The dream was a good thing for me.

Leaving newspapers really was hard. And I really did have second thoughts some times. The dream let me live out those reservations without having to actually live out those reservations. It gave me a picture of the “what if…” scenario of going back that rang pretty true.

I was happier at NASA. And my rational mind knew that. But it was good for my heart to be able to experience that as well.

Newspapers were a very important part of my life, and I’ll always have fond feelings of that part of my past.

But that doesn’t mean that the present isn’t much better.

Powered by Plinky

“My Radio Tuned to the Voice of a Star”


Heather talked to the space station Friday.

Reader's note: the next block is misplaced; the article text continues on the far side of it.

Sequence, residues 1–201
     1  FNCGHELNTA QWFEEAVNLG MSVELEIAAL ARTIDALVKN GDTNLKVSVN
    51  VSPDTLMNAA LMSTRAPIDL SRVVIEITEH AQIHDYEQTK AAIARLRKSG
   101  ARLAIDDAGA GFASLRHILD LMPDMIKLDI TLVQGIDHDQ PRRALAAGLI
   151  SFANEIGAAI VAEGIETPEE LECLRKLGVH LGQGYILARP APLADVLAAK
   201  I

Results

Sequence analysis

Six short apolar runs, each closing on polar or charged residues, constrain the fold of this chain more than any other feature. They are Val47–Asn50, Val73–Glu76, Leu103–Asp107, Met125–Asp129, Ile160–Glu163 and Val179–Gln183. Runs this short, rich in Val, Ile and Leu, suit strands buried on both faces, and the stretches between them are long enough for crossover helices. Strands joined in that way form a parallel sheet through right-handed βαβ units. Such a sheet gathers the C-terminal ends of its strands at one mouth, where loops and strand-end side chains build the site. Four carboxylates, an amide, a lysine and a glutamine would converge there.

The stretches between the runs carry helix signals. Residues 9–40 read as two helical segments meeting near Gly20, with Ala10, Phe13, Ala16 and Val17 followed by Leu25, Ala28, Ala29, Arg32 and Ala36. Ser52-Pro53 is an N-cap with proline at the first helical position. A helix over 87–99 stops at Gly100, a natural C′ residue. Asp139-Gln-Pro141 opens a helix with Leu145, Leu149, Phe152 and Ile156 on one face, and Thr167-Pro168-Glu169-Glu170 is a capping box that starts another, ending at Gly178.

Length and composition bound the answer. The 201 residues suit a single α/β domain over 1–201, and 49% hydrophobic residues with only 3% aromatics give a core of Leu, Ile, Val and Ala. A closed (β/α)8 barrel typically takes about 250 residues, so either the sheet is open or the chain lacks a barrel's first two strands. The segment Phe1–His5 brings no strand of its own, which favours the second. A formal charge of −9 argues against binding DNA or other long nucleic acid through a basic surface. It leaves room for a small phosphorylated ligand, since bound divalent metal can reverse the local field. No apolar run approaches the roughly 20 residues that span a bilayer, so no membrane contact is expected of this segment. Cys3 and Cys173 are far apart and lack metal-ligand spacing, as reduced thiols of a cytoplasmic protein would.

It was cool.

For those who don’t know, she’s been writing an official NASA blog for a while now.

So way back when, I suggested we should try to set up a downlink for her to talk to the International Space Station as material for her blog.

Downlinks aren’t necessarily that easy to get, but, I figured, if I could get one msyelf years ago, it wouldn’t hurt to try again for her.

Our friends from the education wing of the astronaut office at Johnson Space Center in Houston delivered, big time.

Not only did she get a downlink, she got a downlink while the space shuttle was docked with the space station.

i did my downlink back in 2004. I talked to the entire crew of the space station at the time — two people. U.S. astronaut Mike Foale, who was becoming the first American to spend a year in space, and Russian cosmonaut Sasha Kaleri.

Heather talked to eight people — the entire crew of Discovery, and both U.S. members of the space station crew.